That was merely motivation to improve: now, Rob is building wooden instruments on perfect pitch, including a trombone and his current commission, bugles.
Rob himself plays only the banjo (yes, he built one for himself), but he has others help him create YouTube videos, posted under the user name 58scallop, of his completed projects being played. (One of the buglers who has placed a commission, for a replica of President Kennedy’s funeral bugle, has played “Taps” at Arlington National Cemetery thousands of times.) A lot of variables go into the instrument building, including that, “because wood is more flexible, it absorbs a lot of extra resonant frequencies,” Rob said. “You end up with more of a pure tone.”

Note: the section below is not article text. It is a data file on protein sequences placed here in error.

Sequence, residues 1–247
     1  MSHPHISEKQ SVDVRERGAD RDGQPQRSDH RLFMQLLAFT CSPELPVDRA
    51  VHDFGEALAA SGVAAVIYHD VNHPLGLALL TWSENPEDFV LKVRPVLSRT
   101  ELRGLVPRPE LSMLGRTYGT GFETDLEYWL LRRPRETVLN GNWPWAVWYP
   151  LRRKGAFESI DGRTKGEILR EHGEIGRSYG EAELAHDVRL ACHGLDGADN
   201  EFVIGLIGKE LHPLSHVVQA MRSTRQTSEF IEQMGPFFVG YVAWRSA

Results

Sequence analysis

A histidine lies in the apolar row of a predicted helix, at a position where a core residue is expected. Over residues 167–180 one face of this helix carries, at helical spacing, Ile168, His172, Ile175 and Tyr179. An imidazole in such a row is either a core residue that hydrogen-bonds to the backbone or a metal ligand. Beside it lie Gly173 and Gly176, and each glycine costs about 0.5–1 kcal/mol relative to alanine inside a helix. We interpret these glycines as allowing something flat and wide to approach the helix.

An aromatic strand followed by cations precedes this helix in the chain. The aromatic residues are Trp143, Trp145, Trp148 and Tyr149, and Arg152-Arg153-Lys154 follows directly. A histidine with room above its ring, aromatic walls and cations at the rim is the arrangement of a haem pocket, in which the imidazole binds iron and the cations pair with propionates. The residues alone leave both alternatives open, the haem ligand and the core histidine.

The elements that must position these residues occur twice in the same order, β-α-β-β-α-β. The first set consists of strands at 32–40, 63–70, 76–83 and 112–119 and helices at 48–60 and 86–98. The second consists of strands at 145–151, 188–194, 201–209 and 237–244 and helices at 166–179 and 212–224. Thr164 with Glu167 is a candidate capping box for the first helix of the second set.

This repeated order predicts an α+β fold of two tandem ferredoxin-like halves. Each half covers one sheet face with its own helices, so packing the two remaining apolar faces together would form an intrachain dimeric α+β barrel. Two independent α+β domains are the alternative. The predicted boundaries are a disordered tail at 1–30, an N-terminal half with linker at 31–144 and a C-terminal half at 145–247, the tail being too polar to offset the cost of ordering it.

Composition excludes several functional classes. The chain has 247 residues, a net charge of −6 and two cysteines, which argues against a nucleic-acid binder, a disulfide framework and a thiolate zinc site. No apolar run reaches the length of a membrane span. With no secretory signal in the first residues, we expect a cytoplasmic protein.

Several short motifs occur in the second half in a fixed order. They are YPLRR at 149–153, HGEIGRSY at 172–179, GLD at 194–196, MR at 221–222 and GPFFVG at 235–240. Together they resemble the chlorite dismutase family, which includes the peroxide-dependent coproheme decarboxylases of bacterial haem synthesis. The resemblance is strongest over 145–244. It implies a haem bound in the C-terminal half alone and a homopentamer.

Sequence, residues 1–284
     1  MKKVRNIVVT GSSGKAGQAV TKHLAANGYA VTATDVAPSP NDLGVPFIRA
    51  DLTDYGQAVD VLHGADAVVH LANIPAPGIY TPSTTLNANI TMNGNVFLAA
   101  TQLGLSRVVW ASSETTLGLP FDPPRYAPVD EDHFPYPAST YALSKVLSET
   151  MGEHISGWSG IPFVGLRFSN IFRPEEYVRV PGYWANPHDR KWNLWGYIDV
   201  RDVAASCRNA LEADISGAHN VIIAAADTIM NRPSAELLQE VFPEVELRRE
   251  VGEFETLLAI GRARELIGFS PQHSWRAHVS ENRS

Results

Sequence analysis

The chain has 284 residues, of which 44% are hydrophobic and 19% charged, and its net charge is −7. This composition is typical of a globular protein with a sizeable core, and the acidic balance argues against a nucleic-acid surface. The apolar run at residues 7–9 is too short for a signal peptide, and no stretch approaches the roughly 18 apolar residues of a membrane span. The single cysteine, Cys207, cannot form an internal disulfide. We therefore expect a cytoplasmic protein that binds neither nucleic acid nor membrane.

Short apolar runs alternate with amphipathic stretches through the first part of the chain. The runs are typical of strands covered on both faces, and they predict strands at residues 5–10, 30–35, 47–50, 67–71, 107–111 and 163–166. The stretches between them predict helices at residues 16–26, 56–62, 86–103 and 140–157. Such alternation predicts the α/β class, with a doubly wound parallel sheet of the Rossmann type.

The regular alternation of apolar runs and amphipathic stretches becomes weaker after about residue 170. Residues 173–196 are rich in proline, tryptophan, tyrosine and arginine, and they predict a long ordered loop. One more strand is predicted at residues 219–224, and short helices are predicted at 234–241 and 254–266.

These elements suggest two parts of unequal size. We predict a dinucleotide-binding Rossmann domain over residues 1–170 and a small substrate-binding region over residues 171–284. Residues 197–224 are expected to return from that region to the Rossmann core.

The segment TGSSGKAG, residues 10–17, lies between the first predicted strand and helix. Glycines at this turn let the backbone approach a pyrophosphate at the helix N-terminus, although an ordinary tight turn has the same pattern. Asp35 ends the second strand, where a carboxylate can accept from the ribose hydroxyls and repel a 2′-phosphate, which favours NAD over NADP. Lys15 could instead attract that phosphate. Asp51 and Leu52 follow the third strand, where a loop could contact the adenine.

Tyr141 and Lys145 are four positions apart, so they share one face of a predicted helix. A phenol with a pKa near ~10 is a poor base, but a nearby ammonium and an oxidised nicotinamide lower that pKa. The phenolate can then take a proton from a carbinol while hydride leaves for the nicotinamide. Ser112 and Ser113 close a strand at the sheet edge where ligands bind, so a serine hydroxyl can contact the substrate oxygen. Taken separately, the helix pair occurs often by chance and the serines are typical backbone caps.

Right now, Rob’s mostly concentrating on the musical instruments, with a goal of making woodworking his full-time business in the next three to five years. “I can work all day [on woodworking] without eating, and work until two in the morning until I realize I have to get up and go to work at 6:30 in the morning. I’ve only been making instruments for two years, and carving for 10 years, and I’m only 36 years old. I can’t wait to see what will happen in the future when the shackles of time are taken away and I can go full throttle on this.”